how to create a beach backdrop for photography
Ten tips for beach shooting
1. Find focus:
A friend of mine once told me that he would not tirelessly take the camera to the beach to find something. In his opinion, everything on the beach is no different. I can only say that I feel extremely sorry. When I walk on the beach, I feel that if you can see farther, there are full of opportunities for shooting. For example, when shooting facing the sea, I found a very interesting event. I first walked to the shore and then turned around to see what the camera would take from that angle. A common problem in beach landscape shooting is that you may have taken a beautiful view, but you seem to have no interest in it, and the resulting photos are empty and lacking in interest. When taking photos like this, it's best to look for those you are interested in, and focus on those beautiful scenery. Maybe it’s just a model or a series of footprints on the sand; maybe it’s just the waves hitting the rocks; or it’s just a lifeguard tower... You can also take pictures that tell stories about the beach, such as being left on the coast Side shoes, sand dunes, sunglasses, sunscreen...
2. Make a good choice of time:
The beginning and end of the day is the best time to shoot on the beach. For beginners, there will not be many people at any given time, and sunlight will create a wonderful light and shadow, which will make you very interested, especially in the evening when the very soft golden light Will make you intoxicated.
3. Gaze at the horizon:
One of the common problems in beach photography is that there will be a slanted horizon where there is a wide intersection with the ground that day. You must try to make the horizon perpendicular to the composition direction. And try not to put the horizon in the middle of the picture, because in that case, the whole picture is like being cut in half.
4. Go when others are not going:
Another time choice problem is that people avoid going to the beach when the weather becomes bad, but this is when the coast is most active and vibrant. Sea storms, rumbling thunder and lightning, unpredictable clouds, and wind blowing life-saving flags and leaves... these all provide good conditions for meteorological photography.
The biggest challenge of photographing the beach in midsummer is the extremely strong sunlight. If your camera is in automatic mode, the photos you take will most likely be underexposed. If your camera has a manual mode, these are not big problems. You can try different exposures to achieve the best results.
Bracketing can better solve this problem. The method is to first expose one sheet according to the metering value, and then increase and decrease the exposure on the basis of one exposure. If you are still unsure, you can change the exposure and take a few more shots. The step difference is 1/3EV, 0.5EV, 1EV, etc. to adjust the exposure level, the exposure level of each photo is not the same, so that you can select a satisfactory one from a series of photos, of course sometimes also depends on the situation, wanting to brighten the scene is not a problem Easy things—especially in places that are both dark and sunny. It is usually very important to find the part you want to expose first, but at the same time it is not easy to make the picture have a good layout.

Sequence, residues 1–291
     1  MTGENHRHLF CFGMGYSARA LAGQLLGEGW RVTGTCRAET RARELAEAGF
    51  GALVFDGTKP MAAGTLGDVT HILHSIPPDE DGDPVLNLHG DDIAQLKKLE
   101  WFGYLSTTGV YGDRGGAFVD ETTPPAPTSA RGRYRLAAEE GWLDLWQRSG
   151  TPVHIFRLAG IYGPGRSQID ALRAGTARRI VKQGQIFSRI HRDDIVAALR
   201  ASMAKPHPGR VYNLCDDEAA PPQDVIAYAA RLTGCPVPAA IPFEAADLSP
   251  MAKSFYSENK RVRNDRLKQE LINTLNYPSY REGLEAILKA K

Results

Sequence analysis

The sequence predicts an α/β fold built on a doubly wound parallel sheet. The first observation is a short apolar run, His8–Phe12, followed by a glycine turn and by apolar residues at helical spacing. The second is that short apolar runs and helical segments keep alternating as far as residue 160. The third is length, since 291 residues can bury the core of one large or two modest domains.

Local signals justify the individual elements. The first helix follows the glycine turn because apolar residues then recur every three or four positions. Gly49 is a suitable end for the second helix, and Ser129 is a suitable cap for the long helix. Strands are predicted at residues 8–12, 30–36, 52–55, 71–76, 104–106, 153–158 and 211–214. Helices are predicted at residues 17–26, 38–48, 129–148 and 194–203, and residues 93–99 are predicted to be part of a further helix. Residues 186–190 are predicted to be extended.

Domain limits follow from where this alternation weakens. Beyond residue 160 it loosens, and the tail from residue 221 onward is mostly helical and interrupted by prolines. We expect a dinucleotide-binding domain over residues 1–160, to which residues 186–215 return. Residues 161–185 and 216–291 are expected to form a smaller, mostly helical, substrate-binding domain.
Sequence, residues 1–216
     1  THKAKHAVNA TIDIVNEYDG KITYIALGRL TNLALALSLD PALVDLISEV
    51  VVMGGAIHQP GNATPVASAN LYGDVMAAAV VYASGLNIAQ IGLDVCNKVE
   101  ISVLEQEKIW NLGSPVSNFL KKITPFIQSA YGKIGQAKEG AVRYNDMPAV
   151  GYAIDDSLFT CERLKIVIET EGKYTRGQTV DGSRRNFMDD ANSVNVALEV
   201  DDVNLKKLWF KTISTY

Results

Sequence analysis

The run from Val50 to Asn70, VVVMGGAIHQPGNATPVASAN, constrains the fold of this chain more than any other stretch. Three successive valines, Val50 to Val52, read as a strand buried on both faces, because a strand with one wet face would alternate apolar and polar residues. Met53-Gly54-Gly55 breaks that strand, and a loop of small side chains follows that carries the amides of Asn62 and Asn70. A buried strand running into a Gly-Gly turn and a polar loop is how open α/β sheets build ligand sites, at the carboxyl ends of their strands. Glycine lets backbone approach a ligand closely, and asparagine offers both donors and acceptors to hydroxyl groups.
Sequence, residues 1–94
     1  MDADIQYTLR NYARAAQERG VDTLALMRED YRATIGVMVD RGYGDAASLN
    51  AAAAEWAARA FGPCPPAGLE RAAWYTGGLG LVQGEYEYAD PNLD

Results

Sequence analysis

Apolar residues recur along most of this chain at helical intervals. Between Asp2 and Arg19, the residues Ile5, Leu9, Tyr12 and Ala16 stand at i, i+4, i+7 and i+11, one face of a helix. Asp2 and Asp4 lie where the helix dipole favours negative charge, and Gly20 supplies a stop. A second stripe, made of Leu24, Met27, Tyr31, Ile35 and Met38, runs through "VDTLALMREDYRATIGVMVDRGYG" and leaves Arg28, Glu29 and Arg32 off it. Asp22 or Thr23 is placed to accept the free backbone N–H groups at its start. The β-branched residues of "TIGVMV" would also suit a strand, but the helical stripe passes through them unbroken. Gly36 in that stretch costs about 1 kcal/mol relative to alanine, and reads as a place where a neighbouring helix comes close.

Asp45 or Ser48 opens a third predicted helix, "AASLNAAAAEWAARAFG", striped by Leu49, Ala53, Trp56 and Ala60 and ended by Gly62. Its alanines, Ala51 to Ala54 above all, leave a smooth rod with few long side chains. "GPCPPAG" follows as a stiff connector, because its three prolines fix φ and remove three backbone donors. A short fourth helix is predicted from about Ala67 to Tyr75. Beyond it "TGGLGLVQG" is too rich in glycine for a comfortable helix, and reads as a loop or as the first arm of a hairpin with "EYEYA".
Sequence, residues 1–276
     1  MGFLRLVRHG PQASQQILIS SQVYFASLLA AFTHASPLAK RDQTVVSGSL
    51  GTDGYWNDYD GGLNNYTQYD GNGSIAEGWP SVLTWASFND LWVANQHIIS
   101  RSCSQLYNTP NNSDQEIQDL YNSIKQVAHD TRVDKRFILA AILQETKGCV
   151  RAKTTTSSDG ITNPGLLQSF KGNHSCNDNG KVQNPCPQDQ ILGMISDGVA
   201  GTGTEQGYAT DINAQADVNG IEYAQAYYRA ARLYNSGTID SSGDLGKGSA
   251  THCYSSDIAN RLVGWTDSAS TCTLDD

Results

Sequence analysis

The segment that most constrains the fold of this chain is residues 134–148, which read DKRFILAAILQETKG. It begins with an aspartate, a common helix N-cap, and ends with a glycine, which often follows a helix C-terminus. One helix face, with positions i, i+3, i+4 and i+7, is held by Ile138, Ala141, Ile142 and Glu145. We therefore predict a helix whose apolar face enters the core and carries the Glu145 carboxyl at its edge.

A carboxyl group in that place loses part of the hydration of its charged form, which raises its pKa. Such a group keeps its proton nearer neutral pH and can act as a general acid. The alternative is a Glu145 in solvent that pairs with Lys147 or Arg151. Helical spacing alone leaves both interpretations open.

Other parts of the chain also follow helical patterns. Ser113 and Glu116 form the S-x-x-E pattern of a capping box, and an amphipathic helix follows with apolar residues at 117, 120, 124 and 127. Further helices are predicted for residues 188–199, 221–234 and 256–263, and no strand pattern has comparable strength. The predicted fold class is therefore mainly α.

6. Spot metering:
If your camera has a light metering function, then you can escape the trouble of the above exposure problem. The advantage of this method is that according to the photographer's preferences, it can measure the light of a certain point that the photographer thinks is correct, or the subject being photographed, without being interfered by other nearby light. For example, when you are shooting against the light, it is absolutely necessary to measure the face. When you take a photo with high light ratio (for example, half of the sky and the other half in the shadow), you need to meter the parts you want to expose correctly.
7. Forced flash:
If you take portraits on the beach, you will find that there are usually shadows on the faces of people (this is caused by the projection of light on hats, glasses or noses). In this case, you need to use flash to shoot, so that those shadows will not appear, and the exposure will be more adequate. This is especially important when shooting against the light. If you don't use the flash, the portrait will show a silhouette effect. If your camera has the function of adjusting the exposure level, you may want to try overexposing. The photos taken that way look faded and look a little artificial.
8. Ultraviolet filter:
In beach shooting, UV filters are very useful for DSLR users. There are several reasons. First, it can protect the lens from damage, while also filtering out ultraviolet light to a certain extent. In addition, it can also reduce atmospheric haze (mainly cyan haze and tone). Although it does not bring great visual effects, when I bought a new lens for my digital SLR camera, the first thing I bought was an ultraviolet filter.
9. Polarizing filter:
For the lens of your DSLR, the polarizing filter is one of the most useful accessories. Without much craftsmanship, the polarizing filter just filters out the polarized light. This means it can reduce reflections while increasing contrast. The most significant place where it affects is the blue sky and the sea, which will produce obvious effects. In fact, I know that many photographers use sunglasses instead of polarizing filters. Get a polarizing filter and try it out, you will be deeply attracted by its effect.
10. Black and white photography:
Black and white photography has always had its unique charm. The black and white photos taken on the beach completely changed my mood and feelings about the shooting. It is a good choice to shoot people on the beach under cloudy or rainy days, which will make the whole beach scene fade a little bit.
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